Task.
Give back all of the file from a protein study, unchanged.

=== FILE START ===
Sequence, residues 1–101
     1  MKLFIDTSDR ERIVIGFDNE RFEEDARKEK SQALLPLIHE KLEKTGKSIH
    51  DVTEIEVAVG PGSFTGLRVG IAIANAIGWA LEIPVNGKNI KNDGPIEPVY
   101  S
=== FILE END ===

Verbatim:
Sequence, residues 1–101
     1  MKLFIDTSDR ERIVIGFDNE RFEEDARKEK SQALLPLIHE KLEKTGKSIH
    51  DVTEIEVAVG PGSFTGLRVG IAIANAIGWA LEIPVNGKNI KNDGPIEPVY
   101  S